Marsh v. Oregon Natural Resources Council

U.S. Supreme Court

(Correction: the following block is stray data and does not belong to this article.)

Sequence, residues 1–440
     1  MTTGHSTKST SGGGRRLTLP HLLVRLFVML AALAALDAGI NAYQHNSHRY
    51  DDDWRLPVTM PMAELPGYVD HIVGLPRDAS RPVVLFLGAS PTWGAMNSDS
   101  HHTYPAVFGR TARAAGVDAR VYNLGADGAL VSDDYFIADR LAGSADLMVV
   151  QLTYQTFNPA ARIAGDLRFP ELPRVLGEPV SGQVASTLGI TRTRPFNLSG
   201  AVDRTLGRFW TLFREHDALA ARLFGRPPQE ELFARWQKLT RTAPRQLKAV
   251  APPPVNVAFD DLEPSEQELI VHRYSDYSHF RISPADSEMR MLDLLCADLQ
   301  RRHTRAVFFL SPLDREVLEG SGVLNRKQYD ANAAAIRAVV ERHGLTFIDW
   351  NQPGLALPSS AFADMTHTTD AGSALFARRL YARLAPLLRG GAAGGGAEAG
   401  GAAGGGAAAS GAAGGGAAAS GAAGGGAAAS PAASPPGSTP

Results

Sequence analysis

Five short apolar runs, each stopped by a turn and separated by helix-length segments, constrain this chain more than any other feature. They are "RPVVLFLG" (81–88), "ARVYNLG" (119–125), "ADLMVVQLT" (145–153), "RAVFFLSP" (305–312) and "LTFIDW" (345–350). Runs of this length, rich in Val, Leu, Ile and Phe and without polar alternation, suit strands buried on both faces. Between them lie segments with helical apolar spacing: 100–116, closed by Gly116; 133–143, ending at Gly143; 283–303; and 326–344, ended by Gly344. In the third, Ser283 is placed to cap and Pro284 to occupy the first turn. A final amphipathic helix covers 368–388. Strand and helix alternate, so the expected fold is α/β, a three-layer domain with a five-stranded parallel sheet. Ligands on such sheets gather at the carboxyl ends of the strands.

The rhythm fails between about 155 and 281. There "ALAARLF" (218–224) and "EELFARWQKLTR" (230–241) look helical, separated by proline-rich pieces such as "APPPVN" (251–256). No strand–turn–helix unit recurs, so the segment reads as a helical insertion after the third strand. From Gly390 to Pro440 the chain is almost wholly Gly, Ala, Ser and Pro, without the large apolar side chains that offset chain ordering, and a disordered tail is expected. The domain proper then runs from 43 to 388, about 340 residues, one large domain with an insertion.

Marsh v. Ore. Natural Res. Counc., 490 U.S. 360 (1989)Marsh v. Oregon Natural Resources CouncilNo. 87-1704.Argued January 9, 1989Decided May 1, 1989490 U.S. 360CERTIORARI TO THE UNITED STATES COURT OF APPEALS FORTHE NINTH CIRCUITSyllabusThe Elk Creek Dam is part of a three-dam project designed to control the water supply in Oregon’s Rogue River Basin. The Army Corps of Engineers (Corps) completed an Environmental Impact Statement (EIS) for the Elk Creek project in 1971, and, in 1980, released its final Environmental Impact Statement, Supplement No. 1 (FEISS). Since the Rogue River is a premier fishing ground, the FEISS paid special heed to water quality, fish production, and angling, and predicted that the Elk Creek Dam would have no major effect on fish production, but that the effect of the Lost Creek and Elk Creek Dams on turbidity might, on occasion, impair fishing. After reviewing the FEISS, the Corps’ Division Engineer decided to proceed with the project and, in 1985, Congress appropriated funds for construction of the dam, now one-third completed. Respondents, four Oregon nonprofit corporations, filed an action in the District Court to enjoin construction of the Elk Creek Dam, claiming that the Corps had violated the National Environmental Policy Act of 1969 (NEPA) by failing, among other things, to describe adequately the environmental consequences of the project; to include a “worst case analysis”; and to prepare a second supplemental EIS to review information in two documents developed after 1980. The first — the Cramer Memorandum — is an internal memorandum, prepared by two Oregon Department of Fish and Wildlife (ODFW) biologists based on a draft ODFW study on the effects of the Lost Creek Dam, suggesting that the Elk Creek Dam will adversely affect downstream fishing; and the second is a United States Soil Conservation Service (SCS) soil survey containing information that might be taken to indicate greater downstream turbidity than did the FEISS. The District Court denied relief on all claims and held, inter alia, that the Corps’ decision not to prepare a second supplemental EIS to address the new information was reasonable. The Court of Appeals reversed, holding, among other things, that the FEISS was defective because it did not include a complete mitigation plan and “worst case analysis,” and, with regard to the failure to prepare a supplemental EIS, that the ODFW and SCS documents brought to light significant new information.